Friday, February 14, 2014

Pairing Desserts With Beer

This past month we collaborated with Katherine Anne Confections in Logan Square for our monthly Chicago Beer Gals meetup. Last February I experimented with making my own beer infused truffles as well as baking chocolate stout cupcakes (recipes here). This year as my palate and curiosity for beer knowledge has increased I was eager to tap into how to pair beer with desserts, like chocolate. Katherine was a fantastic collaborator. A quick visit to her shop opened my eyes to how experimental one could be with confections, much like craft beer. She has developed hundreds of truffle recipes alone, infusing everything from coffee to spices, herbs, liquors and has plenty of experience pairing chocolate with beer and wine. We had a lot of fun talking about flavors and put together some really interesting and unexpected dessert and beer pairings that took us through a variety of different sensations and flavor combinations.

Pairing beer and chocolate, why it works -
For a many years rich chocolatey desserts have been considered a natural pairing for wines and aperitifs. The great thing about both confections and craft beer is that there is a lot of variance in the flavors that you get, so while some of the sweeter wines or ports would be magical with milk or dark chocolate, most wines have very tannic qualities that can coat the tongue and overpower characteristics in desserts. As beer styles have expanded and become more popular there has been a lot of debate by people in the beverage industry, arguing that beer is actually a much more suitable pairing for chocolate for a number of reasons. The first is the overall “mouthfeel” experience. The ingredients in beer make it a complex beverage. Beer is made up of water, malts/grains, hops and yeast. The malts/grains are going to be the body of the beer providing sweetness and a range of flavors from bready, toastiness to caramel, chocolate, roasted coffee. The hops are used to bring in a range of bitterness, but also have characteristics like fruitiness, floral, citrus, pine, woody, earthy. And finally, you have the yeast used to ferment the beer - which also can bring in spices, fruitiness, floral notes. Carbonation is the second big factor, which plays a huge role in the overall “mouthfeel”. You’ll notice when you eat something sweet it will coat your tongue - especially chocolate or anything that has rich butter fats. When you sip the beer, the carbonation works as way to activate your taste buds and create a more rounded flavor experience.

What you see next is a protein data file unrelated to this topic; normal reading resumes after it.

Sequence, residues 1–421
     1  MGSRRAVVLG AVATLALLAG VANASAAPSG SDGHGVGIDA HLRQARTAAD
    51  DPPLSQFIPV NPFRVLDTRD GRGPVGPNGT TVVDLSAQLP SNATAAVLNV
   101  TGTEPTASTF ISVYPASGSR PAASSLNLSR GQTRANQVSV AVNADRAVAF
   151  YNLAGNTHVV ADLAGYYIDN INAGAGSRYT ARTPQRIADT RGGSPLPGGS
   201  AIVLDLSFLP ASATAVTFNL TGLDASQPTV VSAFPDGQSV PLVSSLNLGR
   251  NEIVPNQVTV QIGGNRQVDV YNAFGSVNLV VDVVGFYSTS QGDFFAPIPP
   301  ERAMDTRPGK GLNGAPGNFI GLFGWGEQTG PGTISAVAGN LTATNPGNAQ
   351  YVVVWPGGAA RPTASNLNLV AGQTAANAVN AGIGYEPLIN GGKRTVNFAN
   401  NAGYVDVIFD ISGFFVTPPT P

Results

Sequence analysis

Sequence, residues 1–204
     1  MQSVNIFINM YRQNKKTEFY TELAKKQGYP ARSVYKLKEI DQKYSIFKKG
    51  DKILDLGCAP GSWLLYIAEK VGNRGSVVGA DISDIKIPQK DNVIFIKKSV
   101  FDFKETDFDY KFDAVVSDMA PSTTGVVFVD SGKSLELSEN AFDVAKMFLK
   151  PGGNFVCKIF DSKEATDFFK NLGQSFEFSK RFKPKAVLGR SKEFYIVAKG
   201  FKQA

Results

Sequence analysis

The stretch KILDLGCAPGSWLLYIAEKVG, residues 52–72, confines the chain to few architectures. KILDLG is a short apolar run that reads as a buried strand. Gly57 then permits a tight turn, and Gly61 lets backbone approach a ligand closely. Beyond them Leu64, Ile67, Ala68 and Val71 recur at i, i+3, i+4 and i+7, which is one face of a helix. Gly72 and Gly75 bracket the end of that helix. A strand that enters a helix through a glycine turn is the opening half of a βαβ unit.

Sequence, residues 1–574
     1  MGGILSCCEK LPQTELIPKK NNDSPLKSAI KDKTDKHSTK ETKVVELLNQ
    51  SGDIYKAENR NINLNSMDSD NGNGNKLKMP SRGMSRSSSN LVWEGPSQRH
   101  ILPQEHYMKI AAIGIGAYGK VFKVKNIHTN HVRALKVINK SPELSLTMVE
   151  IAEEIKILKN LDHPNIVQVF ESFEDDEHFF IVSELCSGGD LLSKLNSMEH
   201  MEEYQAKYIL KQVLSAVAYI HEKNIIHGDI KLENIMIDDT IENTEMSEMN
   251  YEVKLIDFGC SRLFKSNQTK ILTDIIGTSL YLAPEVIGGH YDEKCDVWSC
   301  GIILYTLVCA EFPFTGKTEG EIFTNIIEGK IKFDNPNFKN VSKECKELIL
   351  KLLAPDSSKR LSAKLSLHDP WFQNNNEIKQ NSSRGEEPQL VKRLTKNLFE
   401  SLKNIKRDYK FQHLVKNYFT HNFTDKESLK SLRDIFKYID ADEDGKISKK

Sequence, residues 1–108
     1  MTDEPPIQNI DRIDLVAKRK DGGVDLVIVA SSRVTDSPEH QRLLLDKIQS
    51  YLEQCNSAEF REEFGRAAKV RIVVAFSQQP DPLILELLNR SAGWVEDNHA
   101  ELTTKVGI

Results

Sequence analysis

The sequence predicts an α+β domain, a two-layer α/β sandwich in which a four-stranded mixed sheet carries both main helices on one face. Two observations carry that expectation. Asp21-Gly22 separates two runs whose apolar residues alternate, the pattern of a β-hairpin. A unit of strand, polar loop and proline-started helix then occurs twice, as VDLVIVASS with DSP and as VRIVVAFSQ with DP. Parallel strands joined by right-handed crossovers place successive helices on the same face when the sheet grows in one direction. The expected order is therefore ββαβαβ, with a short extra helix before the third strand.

The pairings:

Tea & Passion Fruit Marshmallow paired with Unibroue La Fin Du Monde Belgian Triple Ale (Beer Advocate 96/100 - World Class rating for it's category).